How do you get used to these things?
Practice and practice.
Schaum's Outline of Calculus is the best place to practice problems. In each section, they briefly explain the concepts and include many problems with clear solutions.
To add to that, most of the people I know, including myself, learn through practice tests. It’s almost like we do the learning when we’re doing problems. Then, we go back and learn the material to fill in gaps of understanding.
For practice tests, go to the internet and type, “[class/concept you are learning practice exam].” If you’re learning Calc I, you may type, “Calculus 1 practice exams.” Make sure you, it also includes the solutions to check yourself. For example, I used this website for Calc 1.
“Yes, some people are brighter than others but I really believe that most people can really get to quite a good level in mathematics if they're prepared to deal with these more psychological issues of how to handle the situation of being stuck.” Andrew Willes
Math is difficult for everyone. The difference is those who are able to be patient and get unstuck. This is important to take seriously because you WILL get stuck but it’s ok.
If you think you’re bad at math is because you haven’t learned how to get unstuck. It’s something you can learn. This math professor gave a wonderful speech about how to get unstuck. She shares her journey from hating math to becoming a mathematics professor. I watch it every time, I get stuck on problems. Watch her speech.
What to do when you get stuck?
Take a break and walk around
Solve and research similar problems
Sleep and come back the next day
Explain why you don’t understand to someone (or to a rubber duck)
If nothing works so far, ask a math discussion forum on Reddit, Discord, or Math Overflow
Libraries usually have free online tutoring. For instance, here's Chicago Public Libray’s free online tutoring. I used Brainfuse a ton in high school
I believe in you
Being stuck is one of the reasons going to college makes sense because 1) you have a group of people learning the same thing, and 2) there are tutoring centers and office hours. However, with determination, you can find people learning math online or even invite some friends. And about the tutoring, your library’s tutoring will help you.
Pure beauty that teaches you how to think!
I hope this guide it’s useful and you get started learning math. Don’t worry about where, or how. You just have to get started.
If you have any questions or doubts, contact me. I’ll be more than happy to help you out.
Are you ready? Let’s see.
What is 2 + 2?
If the answer is 4, you are ready!
Oh and by the way, when the aliens come to visit us, mathematics will probably be the language to talk to them. This isn’t a joke. Gauss, one of the most gifted mathematicians ever, wanted to take forests and draw the Pythagorean theorem so that if aliens approach Earth, they can say, "Wow, they seem to be mathematicians."
Have fun, and let’s learn math!
Notes
[1] I don’t say, “It will never change” because who knows? We might invent new mathematics and find we were wrong all the time. We need to discover more math to solve more problems. Our current toolkit is incredibly lacking to make progress in science such as theoretical physics, and really a lot of problems we haven’t solved yet.
[2] In Khan Academy, you’ll see AP Calculus AB, Differential Calculus, etc. Just pick Calculus 1 as that’s the one with all the content you need to learn.
[3] Dr. Paul Abbott helped me see further about this point. Here are his comments:
“Calculators: Wolfram Alpha and Symbolab are quick ways to check your solutions and verify your steps. Don’t rely on them too much though as you don’t want to get into bad habits.”I disagree with your conclusion here about “bad habits”. Using Wolfram|Alpha or, better, #WolframLanguage, is a good habit—and, combined with (basic) math knowledge, you can go much further, learning and discovering new math along the way.The useful ability to do algebra and calculus by hand should not be over-rated—or overemphasised—as it is many math, science and engineering courses, partially because it is something that is easy to test. Instead, proper understanding of the underlying concepts is far more important—and then you can use any computational tool you like, optimising the steps using your acquired knowledgeFor example, hand computation of a Laplace transform, or a matrix inverse is, in general, just not something a human should be doing. Maybe once or twice—but an entire course devoted to such machinations is unproductive. But understanding what these operations do, and where they should be applied is important. Unfortunately, the emphasis of most high school and tertiary courses is tilted the wrong way.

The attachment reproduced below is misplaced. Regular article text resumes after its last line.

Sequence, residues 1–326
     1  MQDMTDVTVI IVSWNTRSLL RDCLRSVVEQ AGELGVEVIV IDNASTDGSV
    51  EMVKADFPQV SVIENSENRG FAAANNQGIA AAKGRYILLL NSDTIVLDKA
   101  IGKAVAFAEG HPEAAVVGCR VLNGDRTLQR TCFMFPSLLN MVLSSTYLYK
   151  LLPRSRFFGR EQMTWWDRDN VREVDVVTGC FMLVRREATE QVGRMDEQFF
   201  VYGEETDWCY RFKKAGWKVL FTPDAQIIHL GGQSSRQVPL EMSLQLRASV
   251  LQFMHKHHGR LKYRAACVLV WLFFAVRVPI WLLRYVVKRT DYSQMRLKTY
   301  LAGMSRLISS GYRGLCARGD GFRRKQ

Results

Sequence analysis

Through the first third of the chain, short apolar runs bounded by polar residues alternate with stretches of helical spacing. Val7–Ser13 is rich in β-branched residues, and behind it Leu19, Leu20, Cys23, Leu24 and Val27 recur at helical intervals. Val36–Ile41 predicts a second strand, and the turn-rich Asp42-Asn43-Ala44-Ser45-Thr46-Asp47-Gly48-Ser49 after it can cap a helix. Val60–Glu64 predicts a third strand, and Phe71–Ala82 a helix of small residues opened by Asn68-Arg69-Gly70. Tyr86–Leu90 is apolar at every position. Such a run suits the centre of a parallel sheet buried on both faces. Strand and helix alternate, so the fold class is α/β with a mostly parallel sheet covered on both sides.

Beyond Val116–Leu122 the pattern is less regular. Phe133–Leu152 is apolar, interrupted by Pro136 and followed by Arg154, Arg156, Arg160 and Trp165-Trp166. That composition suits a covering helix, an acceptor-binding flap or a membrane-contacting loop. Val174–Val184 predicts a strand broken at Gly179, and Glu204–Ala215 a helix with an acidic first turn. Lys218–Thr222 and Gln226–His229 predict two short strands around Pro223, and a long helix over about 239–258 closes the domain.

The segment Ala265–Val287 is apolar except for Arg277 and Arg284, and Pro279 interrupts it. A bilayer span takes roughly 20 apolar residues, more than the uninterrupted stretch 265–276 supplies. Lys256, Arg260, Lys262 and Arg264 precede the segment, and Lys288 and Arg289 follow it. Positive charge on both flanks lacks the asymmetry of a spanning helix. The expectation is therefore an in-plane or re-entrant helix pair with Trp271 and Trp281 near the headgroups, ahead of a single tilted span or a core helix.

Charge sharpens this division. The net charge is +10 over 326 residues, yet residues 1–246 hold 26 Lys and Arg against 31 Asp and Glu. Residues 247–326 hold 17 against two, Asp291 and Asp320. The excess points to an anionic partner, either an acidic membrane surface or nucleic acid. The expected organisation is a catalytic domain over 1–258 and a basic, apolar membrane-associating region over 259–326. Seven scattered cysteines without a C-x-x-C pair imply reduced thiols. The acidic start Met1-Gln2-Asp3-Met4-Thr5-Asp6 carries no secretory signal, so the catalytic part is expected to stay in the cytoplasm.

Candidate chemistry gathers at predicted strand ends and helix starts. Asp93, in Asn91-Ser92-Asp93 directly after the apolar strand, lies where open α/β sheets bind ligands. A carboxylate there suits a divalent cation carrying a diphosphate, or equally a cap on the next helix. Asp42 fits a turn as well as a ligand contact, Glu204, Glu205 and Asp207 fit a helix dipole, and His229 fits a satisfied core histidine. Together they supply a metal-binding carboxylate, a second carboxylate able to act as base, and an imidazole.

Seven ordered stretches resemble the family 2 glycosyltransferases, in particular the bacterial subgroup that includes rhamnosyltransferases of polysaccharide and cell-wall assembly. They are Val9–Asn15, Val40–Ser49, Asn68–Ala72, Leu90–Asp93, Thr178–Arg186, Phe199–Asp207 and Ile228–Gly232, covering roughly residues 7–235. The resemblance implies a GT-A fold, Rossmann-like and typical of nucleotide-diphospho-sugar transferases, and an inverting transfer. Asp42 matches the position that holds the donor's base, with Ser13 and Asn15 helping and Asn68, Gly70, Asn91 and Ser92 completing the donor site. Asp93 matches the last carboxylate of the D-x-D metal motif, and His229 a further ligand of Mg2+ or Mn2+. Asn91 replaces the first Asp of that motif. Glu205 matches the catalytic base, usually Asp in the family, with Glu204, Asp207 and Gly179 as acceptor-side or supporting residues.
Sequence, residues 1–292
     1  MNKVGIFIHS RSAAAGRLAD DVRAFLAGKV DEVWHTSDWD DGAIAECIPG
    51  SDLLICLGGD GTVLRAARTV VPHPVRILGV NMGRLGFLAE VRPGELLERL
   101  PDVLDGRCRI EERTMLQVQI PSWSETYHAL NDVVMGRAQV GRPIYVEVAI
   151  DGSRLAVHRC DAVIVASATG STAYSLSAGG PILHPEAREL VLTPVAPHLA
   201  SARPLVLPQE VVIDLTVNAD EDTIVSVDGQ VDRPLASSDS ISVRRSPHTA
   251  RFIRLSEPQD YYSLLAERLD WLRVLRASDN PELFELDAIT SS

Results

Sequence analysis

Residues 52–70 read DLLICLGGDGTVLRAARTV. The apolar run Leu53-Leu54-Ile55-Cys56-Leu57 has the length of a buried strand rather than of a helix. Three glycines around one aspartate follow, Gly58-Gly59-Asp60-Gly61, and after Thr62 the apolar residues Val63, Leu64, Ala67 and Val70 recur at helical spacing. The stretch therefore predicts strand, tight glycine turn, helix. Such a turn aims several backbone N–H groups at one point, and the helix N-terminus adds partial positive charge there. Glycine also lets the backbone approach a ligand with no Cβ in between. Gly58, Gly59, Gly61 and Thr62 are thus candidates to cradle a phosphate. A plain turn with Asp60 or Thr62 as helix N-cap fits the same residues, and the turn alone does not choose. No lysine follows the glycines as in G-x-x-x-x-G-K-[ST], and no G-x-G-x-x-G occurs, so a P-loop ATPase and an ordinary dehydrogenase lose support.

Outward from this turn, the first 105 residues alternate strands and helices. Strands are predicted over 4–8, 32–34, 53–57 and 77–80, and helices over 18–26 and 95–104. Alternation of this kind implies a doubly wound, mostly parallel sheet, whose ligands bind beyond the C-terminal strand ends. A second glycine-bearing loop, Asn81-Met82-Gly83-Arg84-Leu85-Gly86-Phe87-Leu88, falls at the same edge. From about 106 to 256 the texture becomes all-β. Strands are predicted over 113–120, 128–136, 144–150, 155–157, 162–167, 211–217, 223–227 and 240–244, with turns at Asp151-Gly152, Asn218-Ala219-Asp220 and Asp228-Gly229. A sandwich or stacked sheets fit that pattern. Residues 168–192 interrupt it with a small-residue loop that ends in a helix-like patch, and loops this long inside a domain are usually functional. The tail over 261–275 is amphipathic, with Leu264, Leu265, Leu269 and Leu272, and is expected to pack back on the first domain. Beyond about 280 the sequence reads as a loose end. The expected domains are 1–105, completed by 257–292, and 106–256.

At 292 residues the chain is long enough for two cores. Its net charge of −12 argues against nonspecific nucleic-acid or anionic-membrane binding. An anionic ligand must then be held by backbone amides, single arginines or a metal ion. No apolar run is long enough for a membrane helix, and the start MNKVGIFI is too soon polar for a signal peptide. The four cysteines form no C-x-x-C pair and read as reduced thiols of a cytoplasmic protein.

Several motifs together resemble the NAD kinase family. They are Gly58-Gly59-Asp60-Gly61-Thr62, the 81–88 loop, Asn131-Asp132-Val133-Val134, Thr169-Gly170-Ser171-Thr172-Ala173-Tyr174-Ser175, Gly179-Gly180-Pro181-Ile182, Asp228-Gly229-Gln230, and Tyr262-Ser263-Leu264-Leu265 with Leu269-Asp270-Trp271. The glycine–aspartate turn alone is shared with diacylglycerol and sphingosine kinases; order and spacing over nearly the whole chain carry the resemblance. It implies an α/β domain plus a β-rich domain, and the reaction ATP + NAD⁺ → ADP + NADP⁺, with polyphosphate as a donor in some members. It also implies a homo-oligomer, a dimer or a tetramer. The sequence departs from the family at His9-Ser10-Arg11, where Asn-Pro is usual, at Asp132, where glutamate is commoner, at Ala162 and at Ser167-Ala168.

He is right. I use Wolfram Alpha and Mathematica quite often to reach a further understanding. I don't do as well in some of my exams in classes like differential equations because it only tests memorization of the algorithms. When in reality, I understand and see the beauty of big ideas.
Other Helpful Resources and Inspiration
The Map Of Mathematics Video: If you’re thinking of studying math, this video will introduce you to the many interesting areas of math. Both what we’ve discovered and what we are yet to discover (or invent).
Learn Mathematics from START to FINISH Video: Video: A great roadmap to learn the topics any undergrad would learn in college.
List of Free Math Books: 77 free textbooks about pretty much any math topic.
Thoughts on why to study math:
“As for what to study, the key is that it needs to be difficult in ways that reshape your perspectives, like math, physics, or molecular biology.” - Alan Kay
"Mathematics is principally a tool to meditate, rather than to compute." - Nassim Taleb
Videos on Math History: Learning the history provides me additional context to understand who did what where, why, and how. You may be surprised but once you learned the history, you learn better. Andrew from moderndaymath is my go-to YouTube channel for math history. Start with Euler, then Maxwell, and let your curiosity run free.
Thanks to Azul Wells, Anthony Polanco, Henk Bruinsma, and Ismael Hozain for reading drafts of this essay.
If you’re into interesting ideas (like the one you just read), join my Weekly Memos., and I’ll send you new essays right when they come out.